For Whom the Telephone Tolls?

by Orlando Luis Pardo Lazo    /  June 11, 2012  / No comments

Fraud and criminal negligence by the only phone company in Cuba

Etecsa building

An Etecsa office in Varadero. Photo: Flickr user Flodigrip's World. Creative Commons License.

I don’t know much about the law, which is not really a problem in Cuba, where very few laws are followed to the letter. However, as a customer of the only phone company in my country (ETECSA-CUBACEL, a state company, like all companies here), I feel there should be sanctions for two offenses of a universal nature: Fraud and criminal negligence.

  1. Is it worth-while to focus on the last images and letters coming from the inside of the last living utopia on Earth? Is Cuba by now a contemporary country or just another old-fashioned delusion in the middle of Nowhere-America? A Cold-War Northtalgia maybe? Can we expect a young Rewwwolution.cu within that Ancien Régime still known as The Revolution? I would like to provoke more questions than answers.
  2. Orlando Luis Pardo Lazo was born in Havana City and still resides and resists there, working as a free-lance writer, photographer and blogger. He is the author of Boring Home (2009) and is the editor of the independent opinion and literary e-zine Voces.

Cuba’s human rights activists, bloggers, and freelance journalists often find that their phone service has been cut off for no other reason than to prevent them from communicating with the rest of the world, hindering their work on the island.

Even when the activists have plenty of credit (including in hard currency) and are neither the subject of police investigations nor court proceedings, ETECSA-CUBACEL conspires against them. The company refuses to give any explanation when these customers complain about their disabled cell phones or landlines to technical assistance.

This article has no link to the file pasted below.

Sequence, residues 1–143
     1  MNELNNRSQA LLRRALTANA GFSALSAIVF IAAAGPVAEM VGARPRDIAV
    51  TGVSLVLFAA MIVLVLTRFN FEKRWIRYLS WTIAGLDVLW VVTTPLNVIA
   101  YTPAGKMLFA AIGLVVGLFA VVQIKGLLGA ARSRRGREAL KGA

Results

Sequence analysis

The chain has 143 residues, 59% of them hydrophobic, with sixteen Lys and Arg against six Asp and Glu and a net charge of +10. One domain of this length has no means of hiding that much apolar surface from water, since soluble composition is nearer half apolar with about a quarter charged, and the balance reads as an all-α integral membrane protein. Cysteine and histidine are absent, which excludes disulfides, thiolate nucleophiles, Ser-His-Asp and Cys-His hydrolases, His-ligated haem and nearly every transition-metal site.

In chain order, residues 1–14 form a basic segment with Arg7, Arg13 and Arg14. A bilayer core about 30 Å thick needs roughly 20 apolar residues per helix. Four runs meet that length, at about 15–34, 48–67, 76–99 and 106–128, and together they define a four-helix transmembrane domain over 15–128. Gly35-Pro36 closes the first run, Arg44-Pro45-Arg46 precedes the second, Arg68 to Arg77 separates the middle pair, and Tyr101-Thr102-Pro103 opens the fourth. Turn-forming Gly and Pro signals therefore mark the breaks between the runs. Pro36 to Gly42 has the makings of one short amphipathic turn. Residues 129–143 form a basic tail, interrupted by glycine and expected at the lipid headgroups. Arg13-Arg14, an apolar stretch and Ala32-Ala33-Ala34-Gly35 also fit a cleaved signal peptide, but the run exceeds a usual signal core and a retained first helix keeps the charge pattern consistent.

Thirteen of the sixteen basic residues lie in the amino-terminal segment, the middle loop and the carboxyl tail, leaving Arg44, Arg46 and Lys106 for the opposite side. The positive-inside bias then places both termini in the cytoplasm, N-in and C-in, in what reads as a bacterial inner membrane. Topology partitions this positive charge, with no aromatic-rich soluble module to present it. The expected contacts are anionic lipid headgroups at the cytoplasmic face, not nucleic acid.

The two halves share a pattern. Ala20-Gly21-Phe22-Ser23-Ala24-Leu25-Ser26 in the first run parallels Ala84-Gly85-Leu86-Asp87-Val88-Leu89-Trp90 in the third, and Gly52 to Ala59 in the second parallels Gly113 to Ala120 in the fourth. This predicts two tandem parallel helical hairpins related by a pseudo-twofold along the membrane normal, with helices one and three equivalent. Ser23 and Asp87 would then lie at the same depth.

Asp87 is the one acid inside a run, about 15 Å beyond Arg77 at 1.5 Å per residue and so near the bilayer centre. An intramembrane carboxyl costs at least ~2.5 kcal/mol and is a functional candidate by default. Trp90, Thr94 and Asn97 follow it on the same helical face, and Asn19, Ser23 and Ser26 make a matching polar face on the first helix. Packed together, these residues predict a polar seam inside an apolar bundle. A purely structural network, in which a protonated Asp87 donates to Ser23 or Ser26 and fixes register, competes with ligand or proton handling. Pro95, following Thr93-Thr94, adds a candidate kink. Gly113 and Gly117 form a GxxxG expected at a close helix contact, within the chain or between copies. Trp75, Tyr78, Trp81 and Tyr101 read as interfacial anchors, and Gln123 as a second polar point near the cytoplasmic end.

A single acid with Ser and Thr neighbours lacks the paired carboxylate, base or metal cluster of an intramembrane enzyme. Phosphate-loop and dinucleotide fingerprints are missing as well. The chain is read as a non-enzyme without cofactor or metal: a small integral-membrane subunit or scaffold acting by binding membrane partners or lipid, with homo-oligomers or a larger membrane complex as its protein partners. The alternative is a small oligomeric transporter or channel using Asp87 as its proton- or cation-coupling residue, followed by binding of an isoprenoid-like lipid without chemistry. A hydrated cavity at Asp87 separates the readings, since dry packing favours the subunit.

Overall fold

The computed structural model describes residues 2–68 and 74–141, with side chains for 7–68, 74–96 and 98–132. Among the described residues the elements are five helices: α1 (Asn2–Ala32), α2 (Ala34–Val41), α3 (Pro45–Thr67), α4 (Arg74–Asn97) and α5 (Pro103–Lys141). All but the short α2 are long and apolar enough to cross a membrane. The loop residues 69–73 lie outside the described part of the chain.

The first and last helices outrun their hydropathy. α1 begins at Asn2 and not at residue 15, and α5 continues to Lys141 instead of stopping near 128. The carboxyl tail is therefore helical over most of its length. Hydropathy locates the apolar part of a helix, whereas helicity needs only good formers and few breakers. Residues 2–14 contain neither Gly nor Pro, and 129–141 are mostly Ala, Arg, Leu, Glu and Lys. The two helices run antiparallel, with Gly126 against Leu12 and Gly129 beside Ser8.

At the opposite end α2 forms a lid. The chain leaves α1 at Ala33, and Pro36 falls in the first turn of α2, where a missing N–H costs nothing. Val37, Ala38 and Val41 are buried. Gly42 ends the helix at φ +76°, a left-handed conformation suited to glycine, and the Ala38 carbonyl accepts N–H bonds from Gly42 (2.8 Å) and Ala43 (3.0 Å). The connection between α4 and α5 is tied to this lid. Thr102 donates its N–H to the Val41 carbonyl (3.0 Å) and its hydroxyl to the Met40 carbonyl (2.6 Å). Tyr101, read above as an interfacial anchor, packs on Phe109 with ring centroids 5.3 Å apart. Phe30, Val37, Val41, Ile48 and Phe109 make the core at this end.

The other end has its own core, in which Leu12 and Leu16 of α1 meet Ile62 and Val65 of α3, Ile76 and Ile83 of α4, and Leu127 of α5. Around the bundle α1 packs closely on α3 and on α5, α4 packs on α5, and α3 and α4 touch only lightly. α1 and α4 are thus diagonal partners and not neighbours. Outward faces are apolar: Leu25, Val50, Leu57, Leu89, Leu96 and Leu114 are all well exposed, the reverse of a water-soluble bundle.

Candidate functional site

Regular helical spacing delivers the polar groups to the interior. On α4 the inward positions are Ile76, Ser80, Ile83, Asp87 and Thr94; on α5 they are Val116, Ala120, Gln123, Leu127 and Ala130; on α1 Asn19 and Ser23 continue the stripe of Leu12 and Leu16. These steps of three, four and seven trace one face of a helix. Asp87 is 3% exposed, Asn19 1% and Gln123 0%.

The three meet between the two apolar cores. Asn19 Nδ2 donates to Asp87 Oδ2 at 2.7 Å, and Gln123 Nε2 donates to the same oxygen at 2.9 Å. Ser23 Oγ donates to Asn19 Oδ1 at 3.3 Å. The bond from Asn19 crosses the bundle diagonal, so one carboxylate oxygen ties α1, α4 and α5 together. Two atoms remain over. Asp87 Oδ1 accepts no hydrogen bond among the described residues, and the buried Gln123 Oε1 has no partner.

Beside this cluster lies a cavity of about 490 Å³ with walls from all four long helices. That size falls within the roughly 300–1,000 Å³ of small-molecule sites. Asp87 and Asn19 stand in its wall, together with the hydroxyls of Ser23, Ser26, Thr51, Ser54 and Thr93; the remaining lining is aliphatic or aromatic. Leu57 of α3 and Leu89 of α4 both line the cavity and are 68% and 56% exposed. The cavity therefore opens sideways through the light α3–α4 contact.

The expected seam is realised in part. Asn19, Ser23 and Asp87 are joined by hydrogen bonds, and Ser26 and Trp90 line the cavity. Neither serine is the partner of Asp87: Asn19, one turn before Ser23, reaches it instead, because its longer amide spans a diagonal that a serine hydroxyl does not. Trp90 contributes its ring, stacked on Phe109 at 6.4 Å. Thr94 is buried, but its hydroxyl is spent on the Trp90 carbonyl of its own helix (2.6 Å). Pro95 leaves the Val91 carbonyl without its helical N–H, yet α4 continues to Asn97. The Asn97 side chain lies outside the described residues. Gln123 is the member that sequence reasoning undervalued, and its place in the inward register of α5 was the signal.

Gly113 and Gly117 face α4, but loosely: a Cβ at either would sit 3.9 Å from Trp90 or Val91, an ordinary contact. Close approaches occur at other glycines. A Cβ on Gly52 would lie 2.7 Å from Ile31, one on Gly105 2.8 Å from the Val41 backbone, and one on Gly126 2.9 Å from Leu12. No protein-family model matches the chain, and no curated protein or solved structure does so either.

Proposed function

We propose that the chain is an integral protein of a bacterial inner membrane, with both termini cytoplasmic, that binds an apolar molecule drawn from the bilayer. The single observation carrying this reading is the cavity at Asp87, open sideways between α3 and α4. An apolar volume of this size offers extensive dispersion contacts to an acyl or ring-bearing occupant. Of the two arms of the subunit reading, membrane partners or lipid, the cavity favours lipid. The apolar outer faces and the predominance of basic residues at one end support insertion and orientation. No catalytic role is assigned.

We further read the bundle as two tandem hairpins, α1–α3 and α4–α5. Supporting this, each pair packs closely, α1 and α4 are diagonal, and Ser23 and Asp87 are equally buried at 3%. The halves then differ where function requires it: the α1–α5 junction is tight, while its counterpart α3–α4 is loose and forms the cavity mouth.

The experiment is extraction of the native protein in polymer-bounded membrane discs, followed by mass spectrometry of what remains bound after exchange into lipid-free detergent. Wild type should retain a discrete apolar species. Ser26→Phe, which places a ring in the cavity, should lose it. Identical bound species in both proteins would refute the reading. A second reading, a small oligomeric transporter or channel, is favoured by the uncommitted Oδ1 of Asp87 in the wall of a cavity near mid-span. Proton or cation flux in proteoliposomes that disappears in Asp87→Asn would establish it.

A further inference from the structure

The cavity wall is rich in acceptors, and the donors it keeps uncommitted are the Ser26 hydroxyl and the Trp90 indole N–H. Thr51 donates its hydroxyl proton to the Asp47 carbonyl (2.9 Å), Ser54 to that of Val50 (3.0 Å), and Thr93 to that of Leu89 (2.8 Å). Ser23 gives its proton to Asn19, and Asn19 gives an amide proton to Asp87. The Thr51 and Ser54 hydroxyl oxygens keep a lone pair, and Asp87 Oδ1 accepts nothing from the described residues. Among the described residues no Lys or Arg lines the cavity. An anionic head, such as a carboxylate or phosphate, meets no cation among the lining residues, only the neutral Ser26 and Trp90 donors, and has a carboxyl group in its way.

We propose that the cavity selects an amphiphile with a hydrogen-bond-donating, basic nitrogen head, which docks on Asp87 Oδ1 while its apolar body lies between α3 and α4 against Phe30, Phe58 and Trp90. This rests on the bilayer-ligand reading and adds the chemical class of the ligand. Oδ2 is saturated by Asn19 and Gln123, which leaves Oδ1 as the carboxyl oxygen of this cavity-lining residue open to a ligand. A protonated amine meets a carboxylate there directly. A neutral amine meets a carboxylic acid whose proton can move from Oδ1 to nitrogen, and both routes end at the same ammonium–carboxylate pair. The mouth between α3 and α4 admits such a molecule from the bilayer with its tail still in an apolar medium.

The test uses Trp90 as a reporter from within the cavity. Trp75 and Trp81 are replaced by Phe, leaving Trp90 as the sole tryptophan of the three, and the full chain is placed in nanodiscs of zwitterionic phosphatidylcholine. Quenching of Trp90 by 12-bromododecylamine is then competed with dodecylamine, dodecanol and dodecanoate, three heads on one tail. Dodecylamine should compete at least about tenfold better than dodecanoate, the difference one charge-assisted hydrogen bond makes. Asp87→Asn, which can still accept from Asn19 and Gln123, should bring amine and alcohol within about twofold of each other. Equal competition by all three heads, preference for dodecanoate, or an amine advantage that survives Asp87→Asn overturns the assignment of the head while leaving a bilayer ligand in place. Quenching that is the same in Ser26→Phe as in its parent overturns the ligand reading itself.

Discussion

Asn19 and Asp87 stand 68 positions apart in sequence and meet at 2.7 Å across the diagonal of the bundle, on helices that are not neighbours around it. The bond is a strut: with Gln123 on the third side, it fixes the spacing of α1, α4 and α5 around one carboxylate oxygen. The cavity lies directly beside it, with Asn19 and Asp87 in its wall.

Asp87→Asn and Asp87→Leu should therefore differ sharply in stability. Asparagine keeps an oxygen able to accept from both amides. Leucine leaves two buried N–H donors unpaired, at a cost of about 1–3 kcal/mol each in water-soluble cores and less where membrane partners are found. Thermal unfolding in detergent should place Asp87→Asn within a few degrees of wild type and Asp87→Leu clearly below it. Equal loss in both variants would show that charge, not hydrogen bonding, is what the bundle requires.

Disabled service has been the case for hundreds of Cubans in the past few years, since the government has allowed Cuban nationals to use cell phones. Before only foreigners benefited from such “privileges.”

Actions against phone users are carried out without prior warning and always in situations where making a call means the difference between repression going unpunished or being denounced. After you’ve been arrested (without charge), dropped service can even mean the difference between reassuring family members, or spending days “disappeared” in some police station.

In the free world, ETECSA-CUBACEL’s complicity with politicians would constitute a crime leading to calls for its directors to resign, recriminations from its shareholders, financial compensation, and a formal apology to its defrauded customers.

Regrettably, in the Cuban legal system, held hostage by the State, such demands would never amount to anything. The bell’s tolls (or jangles) for justice must wait until after the current “democratizing” transition to a supposed State capitalism.

But it must be noted that the despotic tradition of the island’s governments bears no ideological traces. Rather, it is a tradition that attempts to exercise absolute control over the most anti-establishment members of society.

Translation: Alex Higson.

About the Author

Orlando Luis Pardo Lazo was born in Havana City and still resides and resists there, working as a free-lance writer, photographer and blogger. He is the author of Boring Home (2009) and is the editor of the independent opinion and literary e-zine Voces.

View all articles by Orlando Luis Pardo Lazo

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Fearless, Ink.